O’Connor’s piece is a dismissive canter through the whys and wherefores of any proposed deal. The central thesis is that Cameron does not understand Northern Ireland and therefore should keep his nose out, in order not to compromise his ‘neutrality’ or the Belfast Agreement’s requirement for ‘equality’.
“Nationalists - at least those beginning to examine today's Conservatives - instinctively suspect, that the Tory leader has no feel for the agreement underpinning the new Stormont. Or worse, that he chooses not to accept that Sinn Féin and the SDLP are in a Belfast administration on the basis that Irish nationalism has equal status with British unionism.”
This excerpt encapsulates nationalist misunderstanding of both the Belfast Agreement and the concept of equality. It is a misapprehension which one must assume is genuine, as opposed to one which is adopted for tactical benefit. Although its deployment by Sinn Féin as a means by which to attack Northern Ireland’s constitutional status is difficult to construe so benignly. It is a misapprehension which equates personal equality with political group equality and conflates individual rights and the political aspirations of a particular group of people.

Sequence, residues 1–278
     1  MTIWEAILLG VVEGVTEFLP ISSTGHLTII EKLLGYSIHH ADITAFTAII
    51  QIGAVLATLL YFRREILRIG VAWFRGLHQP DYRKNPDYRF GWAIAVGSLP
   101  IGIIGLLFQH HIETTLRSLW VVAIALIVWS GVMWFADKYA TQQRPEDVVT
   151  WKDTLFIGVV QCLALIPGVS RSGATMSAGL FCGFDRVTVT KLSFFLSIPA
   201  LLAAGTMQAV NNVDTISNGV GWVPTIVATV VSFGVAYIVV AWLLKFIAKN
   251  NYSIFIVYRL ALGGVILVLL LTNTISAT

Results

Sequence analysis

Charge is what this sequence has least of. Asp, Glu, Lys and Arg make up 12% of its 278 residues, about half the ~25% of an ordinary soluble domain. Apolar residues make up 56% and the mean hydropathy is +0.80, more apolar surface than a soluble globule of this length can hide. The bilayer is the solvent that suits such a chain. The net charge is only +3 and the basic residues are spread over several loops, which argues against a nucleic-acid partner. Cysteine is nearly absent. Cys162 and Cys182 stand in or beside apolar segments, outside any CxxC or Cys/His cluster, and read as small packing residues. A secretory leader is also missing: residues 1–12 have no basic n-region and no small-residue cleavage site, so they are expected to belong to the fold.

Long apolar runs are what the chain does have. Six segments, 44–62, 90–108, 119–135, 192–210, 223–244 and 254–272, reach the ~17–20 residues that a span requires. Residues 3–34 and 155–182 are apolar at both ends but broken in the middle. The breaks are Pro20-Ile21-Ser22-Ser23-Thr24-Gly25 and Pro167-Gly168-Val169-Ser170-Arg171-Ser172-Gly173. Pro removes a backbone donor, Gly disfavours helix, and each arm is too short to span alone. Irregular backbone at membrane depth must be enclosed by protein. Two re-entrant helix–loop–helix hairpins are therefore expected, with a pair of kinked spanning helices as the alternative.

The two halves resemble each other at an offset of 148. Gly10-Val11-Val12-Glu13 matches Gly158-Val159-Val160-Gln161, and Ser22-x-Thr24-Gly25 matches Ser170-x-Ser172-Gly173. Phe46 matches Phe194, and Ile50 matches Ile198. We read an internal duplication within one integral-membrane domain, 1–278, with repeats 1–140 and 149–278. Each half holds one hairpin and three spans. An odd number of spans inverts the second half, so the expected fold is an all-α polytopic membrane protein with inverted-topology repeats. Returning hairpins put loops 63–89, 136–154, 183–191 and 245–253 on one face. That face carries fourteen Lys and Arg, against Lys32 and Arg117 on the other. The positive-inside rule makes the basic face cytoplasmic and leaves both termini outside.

Various pieces of legislation, the Belfast Agreement and a broad consensus within Northern Ireland agree with the concept of equality. That means equal treatment legally, in employment and equal opportunity to participate in the politics of Northern Ireland. To this end, we have a power sharing agreement whereby devolved government depends on participation of the two main communities. That is what the Agreement was about and that principle is accepted.
To summarise the position briefly, unionists and nationalists are equal, unionism and Irish nationalism certainly are not. The reason is very simple and is enshrined in the Belfast Agreement. It is called the Principle of Consent.
Of course unionists and Irish nationalists are equally entitled to their respective political aspirations, but that does not entitle both positions to be equally accommodated within constitutional arrangements for Northern Ireland. Unionism commands a clear majority and therefore it is within the United Kingdom that Northern Ireland must clearly and unambiguously remain. That is the essence of democracy.
By signalling willingness to forge a cross-Union movement which would encompass moderate unionism in Northern Ireland, David Cameron is actually recognising in tangible fashion, circumstances which flow from the principle of consent. He is underlining his commitment to the people of Northern Ireland and their wish to remain within the United Kingdom. To this end he is determined to allow Northern Irish people to participate in Westminster politics in a way which has not been possible up to now and incidentally to dilute the communal-sectarian cleavage which has frequently dominated politics here. More open minded members of the SDLP have already perceived in the UUP – Tory talks a sign that our politics might eventually realign along a more conventional fault-line.
O’Connor’s commentary is at least written well. The Fortnight piece makes turgid reading. At its heart, though, is an emphasis on Northern Ireland as distant from mainstream British politics. For contrasting reasons, neither article wishes that distance to be bridged.